Our adventures in Chobe National Park
Chobe National Park is known for its fast amount of elephants. According to estimates, 50.000 elephants live in Chobe National Park. A few years ago, we drove to the entrance gate of Chobe National Park in a Toyota Corolla. Ok, we agree, we were not that well prepared. Just a little! Luckily, the police officer turned us away, forcing us to make a detour of about 1.000 kilometers. Five long years had to pass before we were able to return to Botswana. Previously, we already wrote about our self-drive experience in the Okavango Delta. This blog will continue with that story.
After the river crossing (yes: through the river and not by using a bridge), we were able to make some miles. Perfect sand roads brought us to the Khwai River Community Campsite. A small piece of land next to the Khwai River that is owned by the local community. If you want to stay there, you have to ask permission (book your site way in advance...). Don't expect any luxury: there is nothing, not even a toilet. But it is worth it. As the campsite is right next to river, there is a fast amount of wildlife to be spotted: hippo's, elephants and other animals can be seen along the riverbed. In fact, elephants, will likely wander around on the campsite as well!
The benefit of a campsite without any facilities is the quietness. At night, the only light you see is from nearby campfires and the only sounds you hear are caused by animals. No music but bathing hippo's in the nearby river.
For the first time during our stay in the Okavango Delta, we were not wakened by elephants. Instead, we didn't even heard that our alarm had gone off. We missed our estimated time of departure, but heay: that is Africa.
We had a long day ahead: about 100 kilometers until the next campsite. Doesn't sound a lot, but image there are only sand roads. When we arrived at the South gate of Chobe National Park, we registered and drove off. When we had to stop to allow an approaching car to pass us, the tour guide in that care mentioned they saw a lion just a few meters ahead. We drove that piece of road four times, but the lion must have gone, because we couldn't find it. Damn!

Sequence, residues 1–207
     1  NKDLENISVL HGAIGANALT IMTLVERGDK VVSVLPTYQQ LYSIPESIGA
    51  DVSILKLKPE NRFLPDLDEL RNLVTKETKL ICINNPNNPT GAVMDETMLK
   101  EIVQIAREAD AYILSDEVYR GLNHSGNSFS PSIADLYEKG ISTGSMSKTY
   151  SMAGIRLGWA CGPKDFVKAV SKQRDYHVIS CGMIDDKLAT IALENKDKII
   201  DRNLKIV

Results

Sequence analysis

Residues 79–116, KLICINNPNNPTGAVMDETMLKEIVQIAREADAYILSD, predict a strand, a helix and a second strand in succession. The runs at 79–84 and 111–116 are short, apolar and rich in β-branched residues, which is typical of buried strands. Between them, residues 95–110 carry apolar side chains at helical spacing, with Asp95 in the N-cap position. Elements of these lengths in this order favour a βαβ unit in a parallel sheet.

After a long stretch of road, we arrived in Savuti at around noon. Because we were not able to book a campsite at Savuti, this was only the halfway point for today. On the map, we noticed a straight road from Savuti to our campsite in Linyanti. After about half-an-hour on this road, we thought we were going to make it in one, maybe two hours. There wasn't too much sand, so we could actually make some speed. We hadn't finished the sentence, or we drove into a deep deep stretch of sand. We felt the car slowing down. Despite we immediately released the throttle, the car was stuck in deep sand. When we got out of our car, another car approached from the other direction: it appeared that an Italian family drove just ahead of us, but they turned round as the sand was way too deep for their car with an even higher ground-clearance than our Toyota Hilux. Together with the Italians, we had to dig for about an hour to get our car free again. And that during the hottest time of the day, with a trumpeting elephant on the background...
But luckily we were able to get the car out. Together with the Italians we drove back to Savuti. There, two cars approached us, about to start on the same route we just aborted. We talked them out of it, as this would have definetily got them stranded. But as they were also heading for Linyanti, we decided we could better make the most of it and make the detour to Linyanti with three cars. The detour appeared to be a perfect road: flat and wide. Perfect conditions to make some good speeds, at some stretches, we were even able to reach 80 kilometers an hour. Without any further problems, but still covered in sand, we eventually made it to Linyanti by four in the afternoon. Well without further problems... it appeared that our campsite was already taken: by an elephant.
After waiting for quite some time, the manager of the campsite politely asked the elephant to go and stand somewhere else. Politely, yes. But the elephant wasn't so charmed by it and decided to make a charge at our car. Pfff... we didn't know how fast to get out of there, even the campsite manager had to duck away. In the end, the elephant probably had the best laugh, as he slowly walked away without touching our car.
In the early evening, we made a game drive in Linyanti (which is the most north-western part of Chobe National Park). It is ridiculous what you see during those 'late' day-time hours: buffalo's, elephants (lot's of them!), hippo's, giraffe, and a lot of small game and even more birds. When night was falling in, we returned to the campsite. Walking was considered too dangerous by the staff, so we had to drive to the toilet building.
The next morning, we were again wakened by the sound of elephants. After our daily rituals, we packed our stuff and drove off. We left Linyanti the same way we came in. Again, the road was in perfect condition, there were just a few tiny places of deep sands, but not comparable to the road we had yesterday. Unfortunately, this also meant, we had to leave Chobe National Park. Which is a shame, as it is truly one of the most breath taking scenery's we have ever seen.